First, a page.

“We’re not the first entity to come up with this idea,” he said. “Projects are being built with room taxes. Ultimately it is up to the bond counsel to sign off that this is a legitimate purpose under the statute.”

Mayor Hyslop and council members Robin Ginner, Kim Schaffer and Ron Kressin all voiced strong support for saving the Dome through a room tax increase. 

Kressin said, “I think it would be good if we could find a way to spread the cost out, but my feeling is this is something the city of Eagle River needs to preserve. I remember growing up as a kid how much I loved to skate. I just want to see that feeling continue with the kids in Eagle River.”

Said Burkett, noting the urgency of the situation, “We have to commit in the next 10 days to installing that ice in August or we won’t get it in.” 

Other towns

The city of Eagle River and the towns of Washington and Lincoln make up the local Room Tax Committee and all three municipal boards must sign off on the proposal.

It’s expected that the town of Lincoln will take up the matter this week.

The Washington Town Board also discussed the proposal at its meeting last week. There were questions about the legality of government giving a nonprofit tax-collected funds and a request to seek a legal opinion from the Wisconsin Towns Association, not just from a local attorney such as Garbowicz.

Several business owners, including Jake Alward of the Chanticleer Inn, said it was unfair to ask lodging businesses alone to collect funds, suggesting a sales tax which all would pay should be looked at.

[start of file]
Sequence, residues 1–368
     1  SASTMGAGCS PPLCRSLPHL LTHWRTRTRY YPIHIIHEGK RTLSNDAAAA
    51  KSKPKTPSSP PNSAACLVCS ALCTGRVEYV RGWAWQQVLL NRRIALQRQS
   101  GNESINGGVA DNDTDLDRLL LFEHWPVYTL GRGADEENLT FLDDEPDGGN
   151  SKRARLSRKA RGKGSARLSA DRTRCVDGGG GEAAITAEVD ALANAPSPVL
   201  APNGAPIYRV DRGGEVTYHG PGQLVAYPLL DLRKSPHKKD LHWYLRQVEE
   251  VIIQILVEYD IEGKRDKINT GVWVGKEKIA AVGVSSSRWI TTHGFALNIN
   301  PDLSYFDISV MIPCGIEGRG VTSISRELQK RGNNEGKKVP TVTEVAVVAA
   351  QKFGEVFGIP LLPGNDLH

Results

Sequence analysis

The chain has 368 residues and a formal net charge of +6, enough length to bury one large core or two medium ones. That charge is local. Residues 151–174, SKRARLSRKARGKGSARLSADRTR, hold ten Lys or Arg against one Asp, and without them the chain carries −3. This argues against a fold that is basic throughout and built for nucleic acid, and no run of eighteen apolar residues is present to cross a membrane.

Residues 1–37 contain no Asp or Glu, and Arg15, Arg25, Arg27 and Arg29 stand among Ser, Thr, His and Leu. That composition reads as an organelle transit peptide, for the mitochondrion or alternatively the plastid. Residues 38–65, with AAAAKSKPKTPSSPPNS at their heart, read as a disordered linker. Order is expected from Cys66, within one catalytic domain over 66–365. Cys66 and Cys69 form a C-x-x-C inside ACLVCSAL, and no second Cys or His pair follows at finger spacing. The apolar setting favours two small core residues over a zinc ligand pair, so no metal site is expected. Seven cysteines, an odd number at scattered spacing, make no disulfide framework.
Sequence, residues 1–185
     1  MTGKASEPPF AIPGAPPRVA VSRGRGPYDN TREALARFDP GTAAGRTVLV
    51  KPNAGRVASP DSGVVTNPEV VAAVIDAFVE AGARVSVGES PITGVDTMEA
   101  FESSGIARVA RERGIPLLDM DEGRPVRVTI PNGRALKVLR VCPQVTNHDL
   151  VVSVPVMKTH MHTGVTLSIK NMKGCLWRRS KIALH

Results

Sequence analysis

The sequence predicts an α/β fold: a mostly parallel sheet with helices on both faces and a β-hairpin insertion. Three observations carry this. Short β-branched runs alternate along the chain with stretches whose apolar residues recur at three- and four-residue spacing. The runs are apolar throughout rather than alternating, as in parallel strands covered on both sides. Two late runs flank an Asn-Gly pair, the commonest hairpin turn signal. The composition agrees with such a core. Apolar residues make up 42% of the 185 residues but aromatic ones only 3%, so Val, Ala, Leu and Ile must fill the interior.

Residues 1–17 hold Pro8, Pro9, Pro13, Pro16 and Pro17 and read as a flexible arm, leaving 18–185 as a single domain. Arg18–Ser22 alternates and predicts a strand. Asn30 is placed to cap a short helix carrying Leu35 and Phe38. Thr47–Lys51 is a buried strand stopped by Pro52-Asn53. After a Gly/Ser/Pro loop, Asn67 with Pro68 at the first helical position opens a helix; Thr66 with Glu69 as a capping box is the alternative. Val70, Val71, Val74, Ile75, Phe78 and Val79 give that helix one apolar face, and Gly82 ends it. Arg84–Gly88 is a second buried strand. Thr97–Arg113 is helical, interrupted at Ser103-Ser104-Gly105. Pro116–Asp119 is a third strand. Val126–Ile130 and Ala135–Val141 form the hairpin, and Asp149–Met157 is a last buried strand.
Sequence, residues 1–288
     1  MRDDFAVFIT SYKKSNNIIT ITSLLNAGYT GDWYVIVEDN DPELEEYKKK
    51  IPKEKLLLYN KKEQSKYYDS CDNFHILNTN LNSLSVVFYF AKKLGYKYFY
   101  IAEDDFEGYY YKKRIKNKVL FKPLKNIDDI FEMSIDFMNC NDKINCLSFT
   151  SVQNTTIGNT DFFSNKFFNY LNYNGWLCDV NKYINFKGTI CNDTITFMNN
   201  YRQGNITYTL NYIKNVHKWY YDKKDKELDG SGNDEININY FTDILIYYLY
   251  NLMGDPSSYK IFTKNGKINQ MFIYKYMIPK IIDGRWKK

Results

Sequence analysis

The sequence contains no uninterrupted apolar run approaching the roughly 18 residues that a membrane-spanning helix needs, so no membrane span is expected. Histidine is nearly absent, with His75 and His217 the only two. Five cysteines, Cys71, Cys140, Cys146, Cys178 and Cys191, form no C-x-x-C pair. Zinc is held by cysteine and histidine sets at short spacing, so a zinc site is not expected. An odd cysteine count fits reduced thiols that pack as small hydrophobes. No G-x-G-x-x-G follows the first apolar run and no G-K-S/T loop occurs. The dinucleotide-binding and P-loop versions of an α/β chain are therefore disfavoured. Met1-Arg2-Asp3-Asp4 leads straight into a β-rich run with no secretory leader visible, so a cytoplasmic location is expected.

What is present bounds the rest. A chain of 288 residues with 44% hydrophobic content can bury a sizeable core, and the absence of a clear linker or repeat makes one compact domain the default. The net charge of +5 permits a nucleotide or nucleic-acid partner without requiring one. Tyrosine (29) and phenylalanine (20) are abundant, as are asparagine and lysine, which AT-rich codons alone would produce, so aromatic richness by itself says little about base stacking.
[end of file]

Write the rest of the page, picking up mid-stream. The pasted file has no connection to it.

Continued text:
Other business owners said they appreciated the winter business the Dome brings in, but a Gypsy Villa spokesperson indicated they get no business from hockey.

Washington Town Chairman Jim Egan indicated any decision from his town would be made at a special electors meeting, probably in December.

About the Dome

Eagle River’s hockey roots go back almost a century. To promote winter tourism, the first hockey team was formed in 1926. Led by Charles E. Taylor, the idea of building a stadium to provide entertainment and recreation for the town came to fruition with construction of the Eagle River Stadium in 1933. 

The structure’s unique elongated dome-shaped roof consists of a network of wood rafters forming interlocking diamond shapes. Major renovations were done in 1963-’64 when indoor plumbing and a concession stand were added. A new locker room facility was added a decade ago. 

It was the first indoor hockey arena in Wisconsin, and in 1980 Eagle River earned the title of Hockey Capital of Wisconsin. In 1983, the Dome also became the site of the Wisconsin Hockey Hall of Fame.

The 2,000-seat arena is home to the Northland Pines High School Eagles, the ERRA youth hockey program, Eagle River Falcons men’s hockey team and Eagle River Figure Skating Association.